By Fedwa Wazwaz, Engage Minnesota
“Husayn is from me and I am from Husayn”
–Prophet Muhammad, upon him peace and blessings.
A bomb went off in the capital of Somalia killing over 276 people and injuring 300.
People are understandably in total shock and grief as the tragedy is described as the worst massacre in the past 27 years.
The country was in a civil war since 1991. No group has taken responsibility, but the government blames Al Shabab.
This tragedy touched us right here in Minnesota, as some Somali-Minnesotans were killed in the blast. Locally, families are grieving the loss of Minnesotans. One such person is Ahmed AbdiKarin Eyow, a Somali-Minnesotan who died in the recent blast in Somalia on Saturday, October 14, 2017, a few hours after he arrived at his hotel.
He died planning a better life for his family and motherland, but God had another plan. May God accept him as a martyr or witness in this holy month of Muharram.
The local Muslim community is raising funds for his family and funeral expenses. If you would like to contribute, click here.
By Saciido Shaie, Engage Minnesota
As a young girl full of hope, I lost that hope the day I left my country of birth, Somalia. I want to share how I came to the US and left Somalia without my choice.
I remember leaving my home not looking back, not knowing what was going on. The only thing I knew was that something awful was happening and that people were dying, yet I didn’t know why. I was very scared, confused and did not know what to do.
As my family and I left with my aunt’s car, my eyes were glued to the window. I watched the people on the street. I saw injured people crying for help on the sidewalk, yet no one was helping, everyone was running. But one thing that I can’t ever forget was, as I was watching people on the sidewalk, running, carrying backpacks, and carrying their babies on their back, walking without shoes, there was a child maybe one-year-old sucking his dead mother’s breast. This made me cry for many days. I remember looking at the baby, and telling my mother to stop the car so that I can help the baby. I remember how devastated and shocked I felt. I still remember the red shirt he was wearing.
You see, it is not easy to forget such incident, how can I when I still see the sand and the dust all over his little face and the tears and the horror on his face. How can I forget the cry and the scene as if I am rewinding an old horror movie? But make no mistake, as it was, and still is a reality of my past that hunts me down up until now. I wish someone heard me when I called my mother asking her to stop the car and didn’t.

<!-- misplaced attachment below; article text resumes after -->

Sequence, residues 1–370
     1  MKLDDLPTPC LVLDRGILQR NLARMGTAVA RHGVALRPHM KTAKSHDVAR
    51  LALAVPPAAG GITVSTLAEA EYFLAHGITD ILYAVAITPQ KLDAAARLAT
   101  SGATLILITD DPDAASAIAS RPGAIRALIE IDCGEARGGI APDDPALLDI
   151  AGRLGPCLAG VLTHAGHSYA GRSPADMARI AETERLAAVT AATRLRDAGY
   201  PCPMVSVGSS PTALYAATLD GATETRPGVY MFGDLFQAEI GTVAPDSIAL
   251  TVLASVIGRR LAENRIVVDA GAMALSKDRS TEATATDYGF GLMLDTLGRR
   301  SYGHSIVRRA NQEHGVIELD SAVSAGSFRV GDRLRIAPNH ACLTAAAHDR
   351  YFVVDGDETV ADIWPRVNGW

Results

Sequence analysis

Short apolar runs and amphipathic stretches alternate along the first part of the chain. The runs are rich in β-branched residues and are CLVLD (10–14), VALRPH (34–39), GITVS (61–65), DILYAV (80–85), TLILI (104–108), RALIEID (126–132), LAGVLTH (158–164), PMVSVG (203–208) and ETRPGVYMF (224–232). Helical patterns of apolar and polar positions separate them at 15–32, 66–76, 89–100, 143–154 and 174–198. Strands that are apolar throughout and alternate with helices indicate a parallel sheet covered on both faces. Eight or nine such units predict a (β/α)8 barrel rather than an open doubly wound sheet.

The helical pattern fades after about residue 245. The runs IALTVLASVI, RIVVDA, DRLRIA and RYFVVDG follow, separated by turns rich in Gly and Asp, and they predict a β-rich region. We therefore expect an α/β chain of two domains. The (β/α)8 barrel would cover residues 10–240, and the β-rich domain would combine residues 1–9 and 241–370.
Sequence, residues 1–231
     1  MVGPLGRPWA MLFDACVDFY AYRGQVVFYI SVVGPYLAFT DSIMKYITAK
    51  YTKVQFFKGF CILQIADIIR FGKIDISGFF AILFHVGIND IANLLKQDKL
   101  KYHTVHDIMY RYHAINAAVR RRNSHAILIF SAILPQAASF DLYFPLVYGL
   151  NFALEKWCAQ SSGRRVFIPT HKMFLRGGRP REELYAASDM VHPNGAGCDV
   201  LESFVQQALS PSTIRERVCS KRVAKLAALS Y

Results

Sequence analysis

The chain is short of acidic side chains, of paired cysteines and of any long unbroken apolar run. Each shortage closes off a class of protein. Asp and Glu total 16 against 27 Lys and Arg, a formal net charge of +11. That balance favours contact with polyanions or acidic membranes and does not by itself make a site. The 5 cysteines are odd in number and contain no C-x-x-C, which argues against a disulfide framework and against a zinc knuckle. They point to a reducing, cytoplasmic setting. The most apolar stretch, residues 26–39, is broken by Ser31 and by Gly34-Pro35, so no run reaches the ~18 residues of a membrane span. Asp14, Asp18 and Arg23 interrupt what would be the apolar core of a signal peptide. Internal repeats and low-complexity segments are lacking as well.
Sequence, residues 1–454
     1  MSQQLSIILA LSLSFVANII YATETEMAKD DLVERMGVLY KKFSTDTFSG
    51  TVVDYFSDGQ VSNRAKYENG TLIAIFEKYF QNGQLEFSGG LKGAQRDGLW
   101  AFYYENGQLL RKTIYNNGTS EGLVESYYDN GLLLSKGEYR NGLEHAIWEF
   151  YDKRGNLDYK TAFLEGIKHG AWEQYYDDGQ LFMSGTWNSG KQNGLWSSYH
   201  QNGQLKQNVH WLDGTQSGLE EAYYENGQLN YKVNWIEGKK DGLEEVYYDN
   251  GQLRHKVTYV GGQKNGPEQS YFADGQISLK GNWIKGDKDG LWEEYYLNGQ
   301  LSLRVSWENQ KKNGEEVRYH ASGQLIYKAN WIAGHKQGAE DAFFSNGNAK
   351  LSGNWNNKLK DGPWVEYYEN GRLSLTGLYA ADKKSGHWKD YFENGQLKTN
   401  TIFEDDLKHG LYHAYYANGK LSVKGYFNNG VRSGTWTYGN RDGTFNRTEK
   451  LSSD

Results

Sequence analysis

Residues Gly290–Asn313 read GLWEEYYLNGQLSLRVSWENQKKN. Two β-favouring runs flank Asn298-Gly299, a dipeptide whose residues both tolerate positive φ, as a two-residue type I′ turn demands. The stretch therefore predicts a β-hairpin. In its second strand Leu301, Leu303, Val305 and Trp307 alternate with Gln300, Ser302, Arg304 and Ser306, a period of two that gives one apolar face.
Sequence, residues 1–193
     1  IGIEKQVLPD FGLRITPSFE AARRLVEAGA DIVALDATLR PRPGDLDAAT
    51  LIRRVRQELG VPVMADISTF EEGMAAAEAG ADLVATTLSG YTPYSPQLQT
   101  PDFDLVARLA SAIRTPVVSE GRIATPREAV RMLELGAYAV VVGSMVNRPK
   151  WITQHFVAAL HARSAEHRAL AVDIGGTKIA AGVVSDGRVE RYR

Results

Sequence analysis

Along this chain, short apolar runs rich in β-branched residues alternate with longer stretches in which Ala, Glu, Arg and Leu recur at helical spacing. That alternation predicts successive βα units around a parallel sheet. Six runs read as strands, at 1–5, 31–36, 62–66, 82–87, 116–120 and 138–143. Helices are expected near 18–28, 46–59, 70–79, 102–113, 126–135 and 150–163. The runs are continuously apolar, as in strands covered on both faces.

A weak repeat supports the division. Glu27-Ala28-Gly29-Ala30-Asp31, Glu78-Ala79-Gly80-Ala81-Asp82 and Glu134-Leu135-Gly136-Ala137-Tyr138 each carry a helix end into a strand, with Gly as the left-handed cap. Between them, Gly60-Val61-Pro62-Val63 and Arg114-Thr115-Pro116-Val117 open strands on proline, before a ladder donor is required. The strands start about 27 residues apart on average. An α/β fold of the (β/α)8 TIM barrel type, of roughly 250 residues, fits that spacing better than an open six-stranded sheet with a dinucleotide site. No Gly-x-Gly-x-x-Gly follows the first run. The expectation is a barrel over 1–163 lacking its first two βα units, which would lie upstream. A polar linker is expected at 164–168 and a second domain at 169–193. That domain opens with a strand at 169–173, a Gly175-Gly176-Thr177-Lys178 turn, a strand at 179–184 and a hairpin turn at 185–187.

“Mom, please stop the car,” I keep repeating the same cry, and I thought maybe my mother didn’t hear me at all. Then again, I said, “mom, the baby, please let’s help him.”
By Ibrahim Hirsi, St. Cloud Times
For more than two decades, Ahmed Abdi has observed what seems like a race between major news organizations to tell a single narrative of his native Somalia: The story of death and destruction.
Abdi, who has lived in St. Cloud since 2003, returned this summer to the East African nation he escaped in 1991 after the brutal civil war that left his homeland in anarchy and chaos for more than 20 years.
The images Abdi saw during a two-month visit to various regions in Somalia weren’t those of terrorism, piracy or drought — stories that at times have blanketed America’s major newspapers and TV news segments.
Instead, he saw Somalia rising from the ashes of a prolonged civil war.
“There are new buildings erected everywhere in Somalia,” said Abdi, who returned to St. Cloud in August. “Some of the new buildings are worth $2 million.”
Abdi also met with hundreds of Somalis returning from Europe, Canada and the United States. Some came to visit; others to help rebuild their country, Abdi added.
Some of those he met included entrepreneurs from Minnesota, doctors from Europe as well as educators and developers from Canada and other parts of the world — all of them wanting to help rebuild Somalia, which suffered in the hands of warlords and extremist groups for many years.
Follow Ibrahim Hirsi on Twitter: @IHirsi.
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In the Name of Allah, the Most Beneficent, the Most Merciful
Islamic League of Somali Scholars in America
504 Cedar Avenue South, Minneapolis, MN 55454
Minneapolis, MN – October 4, 2011
PRESS RELEASE CONDEMNING THE HORRIFIC SUICIDE BOMBING IN MOGADISHU
The Islamic League of Somali Scholars in America strongly condemns the horrific suicide bombing that claimed many innocent lives in Mogadishu.
Abu Hurayra (May Allah be pleased with him) narrated that the Messenger of Allah (peace and blessings be upon him) said, “Every Muslim is forbidden from transgressing against the blood, property, and honor of another Muslim.” (Related by Muslim and Ahmed).
1. We extend our condolences to the families of those who lost their brothers/sisters, children, parents, and relatives in this senseless attack in Mogadishu.
– May Allah grant His Mercy to those who were killed.
– May Allah grant swift healing to those injured in the blast.
2. This criminal act goes against the teachings of Islam and all human norms.
3. We also declare that anyone who blows himself up or commits suicide may earn Hellfire in the following three ways:
– Taking his own life
– Killing an innocent life that has not committed any wrongdoing
– Justifying the spilling of an inviolable blood
4. We call on the Somali people to extend urgent assistance to the people affected by this heinous act
Our success comes from Allah,
And peace be upon you,
Sheikh Abdirahman Sharif Mohamed,
President, Islamic League of Somali Scholars in America
Email: email@example.com; Telephone: (612) 558-5389